News. Debate. Community. Levers for a better democracy.
The State of Reform
Download Unite America’s free report
Download Unite America's free report analyzing the impact of four key political reforms.


FairVote is a nonpartisan champion of electoral reforms that give voters greater choice, a stronger voice, and a representative democracy that works for all Americans. Since 1992, we have been a nonpartisan trailblazer that advances and wins electoral reforms at the local, state, and national level through strategic research, communications, strategic advocacy and collaboration. Our engagement in influential research has helped dramatically expand use of ranked choice voting and forms of proportional representation in local elections.
News. Community. Debate. Levers for better democracy.

Sign up for The Fulcrum newsletter.

MediaNews Group/Boston Herald via Getty Images

Supports of ranked-choice voting in Massachusetts rallied to support the alternative voting method in July.

As ranked-choice voting gains acceptance, critics push back

Most Americans are accustomed to a winner-take-all voting process, making one, decisive choice between a multitude of candidates.

Ranked-choice voting changes the standard methodology. RCV allows voters to rank multiple candidates in order of personal preference, replacing a "plurality winner" system with a vastly different election process that hasn't been widely seen in the United States for some time.

This past year, ranked-choice voting has been having a sort of coming-out party. It was used in Democratic presidential primaries in four states as well as the Nevada caucuses. And referendums instituting ranked-choice voting are on the ballot this fall in five cities and three states — Alaska, Massachusetts and North Dakota.

Keep reading... Show less

State Sen. Phil Fortunado, one of 36 candidates running for governor, called the contest a "clown race." With so many candidates, no one is likely to win a plurality of the vote.

In the 'other' Washington, we deserve better than a clown race

Nixon, president of the Washington Coalition for Open Government, has been a member of the city council in the Seattle suburb of Kirkland since 2012 and was previously ranking Republican on the state House committee that oversees election law. Miller, a physician who advises health care startups, is on the board of FairVote Washington. That group's executive director, Lisa Ayrault, contributed.

"This is really turning into a clown race," one of our Republican candidates for governor told the Seattle Times in advance of this month's primary election. There were three dozen options on the ballot. Sixteen were independent or minority-party candidates, 15 were Republicans and five were Democrats.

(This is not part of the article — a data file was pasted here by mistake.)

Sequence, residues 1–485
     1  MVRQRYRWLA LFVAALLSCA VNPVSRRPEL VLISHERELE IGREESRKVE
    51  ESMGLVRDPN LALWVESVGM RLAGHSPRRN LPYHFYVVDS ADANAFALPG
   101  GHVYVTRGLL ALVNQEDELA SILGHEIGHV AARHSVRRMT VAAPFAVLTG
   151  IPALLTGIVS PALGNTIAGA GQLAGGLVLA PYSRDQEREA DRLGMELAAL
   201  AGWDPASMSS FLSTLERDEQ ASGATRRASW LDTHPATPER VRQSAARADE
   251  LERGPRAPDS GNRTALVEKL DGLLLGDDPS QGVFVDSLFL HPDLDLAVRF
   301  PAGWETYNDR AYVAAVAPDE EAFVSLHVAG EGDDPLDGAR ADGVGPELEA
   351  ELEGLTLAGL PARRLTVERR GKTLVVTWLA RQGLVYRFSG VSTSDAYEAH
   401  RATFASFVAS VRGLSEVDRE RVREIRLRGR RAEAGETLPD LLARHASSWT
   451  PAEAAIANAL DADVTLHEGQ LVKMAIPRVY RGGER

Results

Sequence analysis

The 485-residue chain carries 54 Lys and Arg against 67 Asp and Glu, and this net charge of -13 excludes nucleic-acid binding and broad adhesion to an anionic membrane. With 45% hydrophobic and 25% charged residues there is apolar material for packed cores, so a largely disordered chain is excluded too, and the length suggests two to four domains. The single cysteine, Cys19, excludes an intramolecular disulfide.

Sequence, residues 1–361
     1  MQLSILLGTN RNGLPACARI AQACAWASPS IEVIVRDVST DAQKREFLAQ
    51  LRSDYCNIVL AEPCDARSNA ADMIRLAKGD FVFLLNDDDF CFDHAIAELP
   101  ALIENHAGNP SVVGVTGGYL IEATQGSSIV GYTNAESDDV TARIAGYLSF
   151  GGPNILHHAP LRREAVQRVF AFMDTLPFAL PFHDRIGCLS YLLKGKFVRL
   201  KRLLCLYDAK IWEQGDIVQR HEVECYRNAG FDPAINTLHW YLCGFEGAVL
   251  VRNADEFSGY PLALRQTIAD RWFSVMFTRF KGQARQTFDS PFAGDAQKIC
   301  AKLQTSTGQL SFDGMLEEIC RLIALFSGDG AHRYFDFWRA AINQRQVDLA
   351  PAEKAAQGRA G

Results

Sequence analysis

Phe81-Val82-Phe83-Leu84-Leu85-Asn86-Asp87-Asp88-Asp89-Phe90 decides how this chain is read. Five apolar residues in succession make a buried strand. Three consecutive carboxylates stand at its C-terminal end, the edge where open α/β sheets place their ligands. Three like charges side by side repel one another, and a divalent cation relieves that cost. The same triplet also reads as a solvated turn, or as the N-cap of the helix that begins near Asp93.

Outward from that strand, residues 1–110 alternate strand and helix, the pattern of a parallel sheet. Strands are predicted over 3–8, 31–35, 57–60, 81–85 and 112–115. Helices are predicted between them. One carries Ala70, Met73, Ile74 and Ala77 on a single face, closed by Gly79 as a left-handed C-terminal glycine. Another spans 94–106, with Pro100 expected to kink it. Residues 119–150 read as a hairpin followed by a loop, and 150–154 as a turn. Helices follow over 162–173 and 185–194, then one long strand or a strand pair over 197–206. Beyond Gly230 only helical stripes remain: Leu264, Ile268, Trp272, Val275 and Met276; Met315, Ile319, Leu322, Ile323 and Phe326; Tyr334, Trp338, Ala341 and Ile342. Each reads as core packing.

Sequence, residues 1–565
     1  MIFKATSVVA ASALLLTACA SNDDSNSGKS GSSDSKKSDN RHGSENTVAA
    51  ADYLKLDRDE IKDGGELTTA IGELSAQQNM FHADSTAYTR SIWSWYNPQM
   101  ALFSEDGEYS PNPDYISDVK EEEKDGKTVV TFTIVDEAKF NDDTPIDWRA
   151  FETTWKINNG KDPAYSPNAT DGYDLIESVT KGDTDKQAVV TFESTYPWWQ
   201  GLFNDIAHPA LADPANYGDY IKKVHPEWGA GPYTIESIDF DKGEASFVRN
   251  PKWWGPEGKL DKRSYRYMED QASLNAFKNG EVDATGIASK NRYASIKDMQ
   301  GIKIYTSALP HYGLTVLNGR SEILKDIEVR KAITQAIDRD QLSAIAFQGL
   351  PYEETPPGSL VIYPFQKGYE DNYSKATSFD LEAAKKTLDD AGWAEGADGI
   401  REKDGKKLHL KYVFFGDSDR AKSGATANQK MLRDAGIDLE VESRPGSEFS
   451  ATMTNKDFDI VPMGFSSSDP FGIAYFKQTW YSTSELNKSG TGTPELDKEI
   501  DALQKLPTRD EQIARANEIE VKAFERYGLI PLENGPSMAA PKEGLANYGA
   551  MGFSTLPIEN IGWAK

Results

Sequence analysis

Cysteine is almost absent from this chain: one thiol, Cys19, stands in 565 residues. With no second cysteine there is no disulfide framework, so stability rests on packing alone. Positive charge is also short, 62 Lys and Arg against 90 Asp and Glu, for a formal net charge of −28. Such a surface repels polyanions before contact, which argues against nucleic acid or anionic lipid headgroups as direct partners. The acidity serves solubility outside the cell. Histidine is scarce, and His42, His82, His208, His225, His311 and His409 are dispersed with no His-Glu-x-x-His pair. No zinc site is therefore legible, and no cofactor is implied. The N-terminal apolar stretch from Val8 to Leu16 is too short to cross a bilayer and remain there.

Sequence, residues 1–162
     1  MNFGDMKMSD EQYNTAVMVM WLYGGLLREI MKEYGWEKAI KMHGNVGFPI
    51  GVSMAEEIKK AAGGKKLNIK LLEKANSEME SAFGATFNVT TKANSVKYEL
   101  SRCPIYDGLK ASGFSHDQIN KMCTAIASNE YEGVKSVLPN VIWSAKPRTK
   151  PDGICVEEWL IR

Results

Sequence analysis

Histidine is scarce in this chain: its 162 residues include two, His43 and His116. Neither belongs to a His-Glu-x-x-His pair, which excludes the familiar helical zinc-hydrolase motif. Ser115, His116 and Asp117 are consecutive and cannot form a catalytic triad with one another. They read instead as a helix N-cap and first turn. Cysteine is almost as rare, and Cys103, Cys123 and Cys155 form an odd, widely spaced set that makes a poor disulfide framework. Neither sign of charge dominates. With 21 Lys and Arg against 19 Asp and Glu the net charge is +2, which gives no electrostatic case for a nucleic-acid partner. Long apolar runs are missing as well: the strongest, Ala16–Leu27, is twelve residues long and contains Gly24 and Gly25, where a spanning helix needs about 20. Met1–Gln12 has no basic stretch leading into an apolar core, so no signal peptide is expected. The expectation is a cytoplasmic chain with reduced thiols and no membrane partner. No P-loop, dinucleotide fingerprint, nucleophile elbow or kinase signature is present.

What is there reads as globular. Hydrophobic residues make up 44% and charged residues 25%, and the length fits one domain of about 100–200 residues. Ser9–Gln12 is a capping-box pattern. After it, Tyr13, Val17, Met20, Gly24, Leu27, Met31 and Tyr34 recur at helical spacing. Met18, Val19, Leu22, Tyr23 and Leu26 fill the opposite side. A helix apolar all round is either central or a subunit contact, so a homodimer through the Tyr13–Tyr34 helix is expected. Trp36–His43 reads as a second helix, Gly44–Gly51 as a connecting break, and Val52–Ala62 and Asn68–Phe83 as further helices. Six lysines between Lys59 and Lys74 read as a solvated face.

And then there were the quintet of Republicans, the quartet of Democrats and the pair of Libertarians running for lieutenant governor.

We're talking about vitally important elections in a decently sized state with several, but not all, of the electoral reform boxes ticked off. Though critics point out ways to increase transparency, a bipartisan commission has drawn Washington's political district lines since 1991. A top-two runoff primary system has been used since 2008. The Legislature instituted statewide vote-by-mail starting in 2011.

Sign up for The Fulcrum newsletter

Despite these advancements, the primary that was supposed to climax Aug. 4 revealed several of our system's shortcomings and challenges — not even mentioning the fact that it took until Tuesday, two weeks later, for essentially all the votes to be counted.

In the lieutenant governor's race, for example, the top finisher with 25 percent of the vote is Democrat Denny Heck, who's giving up his seat in Congress in hopes of winning the No. 2 job in Olympia. In second place, at 19 percent, is Democratic state Sen. Marko Liias. Not only does neither of the front-runners command the support of even three of every 10 voters, but also the next three highest finishers are all Republicans and have 33 percent of the vote between them. In total, 43 percent of voters in that race preferred a Republican. But with two Democrats in the two available spots for the general election, the voices of conservative voters in this race will be effectively locked out.